"The death penalty is purportedly reserved for the 'worst of the worst' or those with 'irretrievably depraved characters.' But this is based on a myth." That's according to Jennifer Lackey, founder and director of the Northwestern Prison Education Program. It was through the program that Lackey met William Peeples Jr., who helped form her view that the death penalty should be abolished. In his 50s, Peeples was "a deep and creative thinker," an inspiring classmate, and "one of the best students I'd ever taught," Lackey writes at USA Today. But 30 years earlier, a 26-year-old Peeples was wrongly considered one of these "irretrievably depraved characters," sentenced to death for stabbing his neighbor, Lackey writes. "If former Illinois Gov. George H. Ryan hadn't ended the death penalty ... the State's mistake would have led to the irreversible loss of a deeply treasured life."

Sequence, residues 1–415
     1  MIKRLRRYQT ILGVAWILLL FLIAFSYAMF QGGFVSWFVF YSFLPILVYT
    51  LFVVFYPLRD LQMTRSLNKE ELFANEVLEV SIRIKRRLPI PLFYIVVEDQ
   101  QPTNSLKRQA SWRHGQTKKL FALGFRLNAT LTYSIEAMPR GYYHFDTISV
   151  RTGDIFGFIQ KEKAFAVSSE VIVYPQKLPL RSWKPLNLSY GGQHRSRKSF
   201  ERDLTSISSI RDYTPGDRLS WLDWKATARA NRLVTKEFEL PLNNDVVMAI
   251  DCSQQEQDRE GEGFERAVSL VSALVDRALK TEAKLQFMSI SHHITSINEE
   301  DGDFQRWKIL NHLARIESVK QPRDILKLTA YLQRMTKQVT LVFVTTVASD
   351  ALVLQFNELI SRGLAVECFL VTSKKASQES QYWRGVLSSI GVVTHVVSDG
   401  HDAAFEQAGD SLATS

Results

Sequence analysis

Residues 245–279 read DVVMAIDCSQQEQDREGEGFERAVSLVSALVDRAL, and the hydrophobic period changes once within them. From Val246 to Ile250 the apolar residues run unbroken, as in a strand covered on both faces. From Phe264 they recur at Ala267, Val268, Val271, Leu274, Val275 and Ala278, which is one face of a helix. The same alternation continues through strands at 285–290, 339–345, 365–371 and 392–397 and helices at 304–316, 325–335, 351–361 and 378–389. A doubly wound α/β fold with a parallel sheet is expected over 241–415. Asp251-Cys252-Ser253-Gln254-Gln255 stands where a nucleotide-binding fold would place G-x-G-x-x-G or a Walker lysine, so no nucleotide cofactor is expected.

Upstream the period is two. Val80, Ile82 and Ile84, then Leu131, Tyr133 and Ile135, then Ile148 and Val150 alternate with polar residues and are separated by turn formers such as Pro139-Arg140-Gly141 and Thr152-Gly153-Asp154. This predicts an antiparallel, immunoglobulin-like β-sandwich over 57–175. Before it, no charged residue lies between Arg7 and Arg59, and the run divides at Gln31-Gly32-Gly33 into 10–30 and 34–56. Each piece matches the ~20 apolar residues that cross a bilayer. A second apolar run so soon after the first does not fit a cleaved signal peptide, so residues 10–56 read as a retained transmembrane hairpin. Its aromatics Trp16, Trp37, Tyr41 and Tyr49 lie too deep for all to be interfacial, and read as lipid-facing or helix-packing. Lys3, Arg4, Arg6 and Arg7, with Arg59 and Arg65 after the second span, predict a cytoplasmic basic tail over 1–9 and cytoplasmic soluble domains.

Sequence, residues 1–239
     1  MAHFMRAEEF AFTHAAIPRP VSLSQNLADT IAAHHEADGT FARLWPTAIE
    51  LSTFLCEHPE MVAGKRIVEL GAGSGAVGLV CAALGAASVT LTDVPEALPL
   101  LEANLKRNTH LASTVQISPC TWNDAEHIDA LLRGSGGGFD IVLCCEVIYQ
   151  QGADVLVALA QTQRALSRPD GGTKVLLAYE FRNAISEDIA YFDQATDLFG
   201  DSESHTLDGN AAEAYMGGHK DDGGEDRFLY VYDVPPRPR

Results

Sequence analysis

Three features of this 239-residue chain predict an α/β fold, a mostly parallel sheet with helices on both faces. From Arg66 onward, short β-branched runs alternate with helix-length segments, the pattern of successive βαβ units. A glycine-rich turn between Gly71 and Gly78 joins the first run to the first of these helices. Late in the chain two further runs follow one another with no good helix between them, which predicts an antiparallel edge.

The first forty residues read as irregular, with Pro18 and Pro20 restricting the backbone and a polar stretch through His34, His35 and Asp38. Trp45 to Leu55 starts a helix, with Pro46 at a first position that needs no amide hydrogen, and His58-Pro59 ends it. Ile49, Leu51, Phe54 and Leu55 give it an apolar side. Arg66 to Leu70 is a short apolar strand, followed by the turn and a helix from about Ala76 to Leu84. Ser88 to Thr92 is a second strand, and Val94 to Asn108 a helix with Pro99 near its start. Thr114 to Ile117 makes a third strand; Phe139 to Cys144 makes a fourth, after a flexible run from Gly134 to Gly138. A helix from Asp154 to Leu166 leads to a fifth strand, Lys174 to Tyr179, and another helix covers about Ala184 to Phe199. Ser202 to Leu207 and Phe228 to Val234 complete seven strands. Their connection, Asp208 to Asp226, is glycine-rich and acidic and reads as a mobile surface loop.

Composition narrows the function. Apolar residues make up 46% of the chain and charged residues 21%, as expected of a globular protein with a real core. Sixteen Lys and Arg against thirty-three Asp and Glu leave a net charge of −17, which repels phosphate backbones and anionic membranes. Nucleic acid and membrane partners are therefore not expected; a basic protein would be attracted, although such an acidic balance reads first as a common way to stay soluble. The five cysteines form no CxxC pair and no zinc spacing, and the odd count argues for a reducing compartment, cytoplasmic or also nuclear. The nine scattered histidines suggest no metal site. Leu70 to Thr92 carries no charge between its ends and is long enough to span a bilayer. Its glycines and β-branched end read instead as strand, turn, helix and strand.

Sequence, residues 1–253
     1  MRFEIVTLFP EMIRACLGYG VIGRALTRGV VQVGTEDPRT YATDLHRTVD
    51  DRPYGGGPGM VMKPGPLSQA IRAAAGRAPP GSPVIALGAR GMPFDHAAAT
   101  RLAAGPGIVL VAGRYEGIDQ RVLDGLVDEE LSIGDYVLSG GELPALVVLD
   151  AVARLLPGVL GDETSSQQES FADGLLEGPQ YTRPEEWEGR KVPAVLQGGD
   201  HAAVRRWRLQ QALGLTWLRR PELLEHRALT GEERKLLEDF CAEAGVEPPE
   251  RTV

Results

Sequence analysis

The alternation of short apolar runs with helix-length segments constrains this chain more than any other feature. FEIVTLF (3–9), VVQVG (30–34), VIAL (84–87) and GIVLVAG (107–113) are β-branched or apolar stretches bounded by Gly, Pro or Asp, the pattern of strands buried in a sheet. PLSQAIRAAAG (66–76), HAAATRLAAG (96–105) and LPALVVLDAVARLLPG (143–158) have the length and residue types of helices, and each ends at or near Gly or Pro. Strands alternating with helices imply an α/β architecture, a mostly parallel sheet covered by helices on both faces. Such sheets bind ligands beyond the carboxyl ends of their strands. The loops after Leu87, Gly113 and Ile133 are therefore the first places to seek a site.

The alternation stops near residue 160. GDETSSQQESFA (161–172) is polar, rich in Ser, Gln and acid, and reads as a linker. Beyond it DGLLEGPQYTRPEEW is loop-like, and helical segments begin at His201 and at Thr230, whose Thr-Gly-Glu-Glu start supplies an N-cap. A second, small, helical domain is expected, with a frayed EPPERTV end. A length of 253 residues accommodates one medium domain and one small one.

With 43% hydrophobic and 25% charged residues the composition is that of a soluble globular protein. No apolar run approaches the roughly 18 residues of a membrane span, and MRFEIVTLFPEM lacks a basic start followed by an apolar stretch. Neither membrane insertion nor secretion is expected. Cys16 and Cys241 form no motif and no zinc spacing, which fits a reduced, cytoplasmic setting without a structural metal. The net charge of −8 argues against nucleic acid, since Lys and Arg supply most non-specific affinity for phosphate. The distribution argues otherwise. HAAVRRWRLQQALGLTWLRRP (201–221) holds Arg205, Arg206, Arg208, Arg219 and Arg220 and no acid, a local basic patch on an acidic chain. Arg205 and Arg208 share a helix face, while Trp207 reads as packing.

"The knowledge of what it means to be 'human' awakened in me true remorse for the harm I have done to others," Lackey quotes Peeples, now a published author and mentor, as saying. "In other words, as he learned, he changed." Such a case "makes clear that we are hopelessly unreliable" at deciding who is "irretrievably depraved," Lackey writes. Indeed, it's "a myth that humans generally have a fixed character." She argues it's no big stretch to extend the reasoning for abolishing the death penalty for juveniles—namely "his potential to attain a mature understanding of his own humanity"—to all adults. After all, "understanding our own humanity is a lifelong project." But Lackey offers other reasons for her stance. "A racially discriminatory, expensive, ineffective, and arbitrarily and capriciously administered practice, the death penalty does nothing but promote injustice," she writes. Her full piece is here. (The ninth federal execution of the year was just carried out.)